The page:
What a myriad of emotions that must’ve imploded within that holy mind of our Savior on the day of His appointment with a cross on a hill called Calvary! How ironic is it that we, in Christendom, call it Good Friday. When you read in isolation the details of our Lord’s death on the cross, nothing ostensibly seems to be good. He’s in agony, naked, subjected to ridicule, abandoned by his followers, and worst of all, cut off from His Father. It must have been painful to the ears of those who stood around, whether friend, loved one, or foe; as they heard His doleful cry riveting with an emotion no other human being ever had or will ever know, with words of an incomprehensible agony bellowing forth from His mouth. Matthew records the moment of that cry with painstaking vividness: And about the ninth hour Jesus cried with a loud voice, saying, “Eli, Eli, lama sabachthani?” that is to say, “My God, my God, why hast thou forsaken me?” (Matt. 27:46 AV).
Had the sequence of events on Good Friday stopped with the scene that records the words of that horrific cry of abandonment on the part of our Master, all readers of the Gospel records would’ve been left with a story of ironic incompleteness. If Good Friday had ended as described in the previous sentence, the unveiling of ultimate victory on Easter Sunday would’ve left a twinge of an arcane fuzziness in back of the minds of all would-be celebrants. Etched in their thoughts would’ve been the words of abandonment expressed by Christ as He hung on the cross. Isn’t it good to know that the words of Christ evolved? It is Dr. Luke who informs us of the words of finality from the mouth of our sweet Jesus that transform a bad day into a Good Friday by sharing a final scene of what happened on Calvary. Luke writes this: And when Jesus had cried with a loud voice, he said,” Father, into thy hands I commend my spirit”: and having said thus, he gave up the ghost (Luke 23:46 AV). I love the way the nuance of the text is more readily seen in the translation of the Common English Bible where it is rendered as follows: Crying out in a loud voice, Jesus said, “Father, into your hands I entrust my life.” After he said this, he breathed for the last time (Luke 23:46 CEB). Jesus pressed beyond His human sense of abandonment to yet entrust His life to the Father. It is in the blessed knowledge of this fact that Easter can fully be celebrated. The resurrection of Jesus Christ emerged out of His unwavering trust of the Father. It was a trust that was so deep, He trusted the Father with His very life to do as He pleased.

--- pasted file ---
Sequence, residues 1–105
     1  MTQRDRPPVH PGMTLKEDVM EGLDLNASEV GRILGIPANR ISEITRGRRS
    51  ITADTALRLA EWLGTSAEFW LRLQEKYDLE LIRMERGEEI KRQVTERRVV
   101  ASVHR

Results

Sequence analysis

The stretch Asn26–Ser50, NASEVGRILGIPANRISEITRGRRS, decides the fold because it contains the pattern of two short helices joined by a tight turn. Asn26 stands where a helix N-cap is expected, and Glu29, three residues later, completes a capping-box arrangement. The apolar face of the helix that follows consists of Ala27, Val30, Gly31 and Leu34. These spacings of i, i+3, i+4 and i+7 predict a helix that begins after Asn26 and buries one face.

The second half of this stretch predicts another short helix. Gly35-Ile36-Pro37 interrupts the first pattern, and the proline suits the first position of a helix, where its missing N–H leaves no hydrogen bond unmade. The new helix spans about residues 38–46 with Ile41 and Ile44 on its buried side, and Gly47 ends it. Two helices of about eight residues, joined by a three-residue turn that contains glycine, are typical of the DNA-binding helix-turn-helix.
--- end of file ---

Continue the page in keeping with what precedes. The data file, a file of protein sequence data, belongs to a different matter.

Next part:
I say to each of us, on this Good Friday 2020, amid this nightmarish coronavirus debacle, it will be our unfaltering trust in the God of our salvation that will see us through to victory. May we too trust God with our very lives. The power of the resurrection yet worketh!
Yours in His Service,
Bishop Lambert W. Gates, Sr.